Idaho v. United States, 533 U.S. 262 (2001), was a United States Supreme Court case in which the Court held that the United States, not the state of Idaho, held title to lands submerged under Lake Coeur d'Alene and the St. Joe River, and that the land was held in trust for the Coeur d'Alene Tribe as part of its reservation, and in recognition (established in the 19th century) of the importance of traditional tribal uses of these areas for basic food and other needs.
The Coeur d'Alene Tribe is an Indian tribe in northern Idaho. The Coeur d'Alene people once inhabited 3,500,000 acres (1,400,000 ha) in northern Idaho, Washington, and Montana, but today, the only land controlled by the tribal nation is the Coeur d'Alene Reservation in Benewah and Kootenai counties, Idaho.
In 1853, the territorial governor of Washington (which at the time included the panhandle of Idaho), Isaac Stevens, began to negotiate treaties with local tribes. By 1855, Stevens had treaties with most of the tribes in the area, but not including the Coeur d'Alene tribe. At the same time, gold had been discovered near Fort Colvile and on the Yakima reservation. By September 1853, Yakima Indians killed six prospectors in retaliation for attacks on the tribes by trespassing miners. Stevens negotiated a fragile peace in 1856,[fn 1] but the U.S. Army was unable to keep prospectors out of Indian lands. By 1858 hostilities sparked again.
In May 1858, Colonel Steptoe led a group of about 130 dragoons north toward the Coeur d'Alene lands. On May 16, 1858, he was met by a force of about 600 Indians[fn 2] who, after blocking Steptoe's path forward, began to fight the next day. Steptoe withdrew after losses of men and upon running low in ammunition.
In 1867, President Andrew Johnson established a reservation for the Coeur d'Alene tribe at the request of the territorial governor, but the tribe never accepted the reservation as Lake Coeur d'Alene and the main waterways, on which they depended for fishing, were not included. The tribe depended on the rivers and the lake for fish, camas, reeds for baskets, and other needs. In 1873, the Commissioner of Indian Affairs sent a commission to induce the Coeur d'Alenes to accept a reservation. Following negotiations, a reservation of approximately 598,000 acres (242,000 ha) was established. The reservation boundaries included the Hangman Valley, the Coeur d'Alene River, the St. Joe River, and all but a small portion of Lake Coeur d'Alene.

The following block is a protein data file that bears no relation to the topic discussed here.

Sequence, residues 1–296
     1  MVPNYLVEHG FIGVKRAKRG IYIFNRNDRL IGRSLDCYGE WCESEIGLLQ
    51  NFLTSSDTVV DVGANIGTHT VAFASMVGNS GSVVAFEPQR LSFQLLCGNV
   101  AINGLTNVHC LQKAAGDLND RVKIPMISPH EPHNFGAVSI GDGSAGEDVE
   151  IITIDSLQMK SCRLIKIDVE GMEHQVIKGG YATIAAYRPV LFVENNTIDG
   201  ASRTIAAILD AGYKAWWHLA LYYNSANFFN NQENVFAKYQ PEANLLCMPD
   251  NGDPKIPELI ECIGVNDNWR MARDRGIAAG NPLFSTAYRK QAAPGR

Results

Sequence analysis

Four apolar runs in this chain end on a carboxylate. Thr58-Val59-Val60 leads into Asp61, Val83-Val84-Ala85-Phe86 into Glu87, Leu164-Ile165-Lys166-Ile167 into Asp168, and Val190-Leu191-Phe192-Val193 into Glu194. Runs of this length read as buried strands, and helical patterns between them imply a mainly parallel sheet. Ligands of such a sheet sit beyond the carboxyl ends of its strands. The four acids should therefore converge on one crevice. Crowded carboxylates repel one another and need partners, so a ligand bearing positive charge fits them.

The agreement was implemented with an executive order, which was intended to be temporary until Congress approved it. Cession of land was supposed to be compensated. Congress never approved the action, and in 1883 the United States conducted a survey of the reservation. Congress in 1886 authorized the Secretary of the Interior to negotiate with the tribe, to gain their cession of all of their land outside the reservation. In 1887 the tribe and the federal government came to an agreement under those terms, but Lake Coeur d'Alene and related waters were part of the reservation. In 1889, the tribe ceded the northern third of the reservation back to the federal government, including part of Lake Coeur d'Alene, for compensation. Unusually, in contrast to practices at the time, the reservation boundary was drawn across the lake, rather than by the meandering high water line. The agreement stated that it was not binding until ratified by Congress.
Prior to Senate ratification of both agreements, Idaho became a state. Congress passed the Idaho Statehood Act that ratified the state constitution, which contained a section disclaiming the state's rights to unappropriated public lands and lands owned by tribes. In 1891, Congress ratified the earlier agreements with the tribe. In 1894, the tribe ceded a one-mile wide strip (the "Harrison cession") for use by the Washington and Idaho Railway to extend its tracks. In 1908 Congress gave Idaho an area now known as Heyburn State Park.
This area of Idaho was known for mining and has long held the nickname of "Silver Valley." It has been the second-largest area of silver production in the country. From 1880-1980 the Coeur d'Alene basin was one of the most productive silver, lead, and zinc mining regions in the country. The waste from the mining, estimated at 72 million tons, contaminated land and downstream waters, including the Coeur d'Alene River and Lake Coeur d'Alene. As of 2012, the Silver Valley was the second largest Superfund cleanup site in the nation, as designated by the United States Environmental Protection Agency (EPA).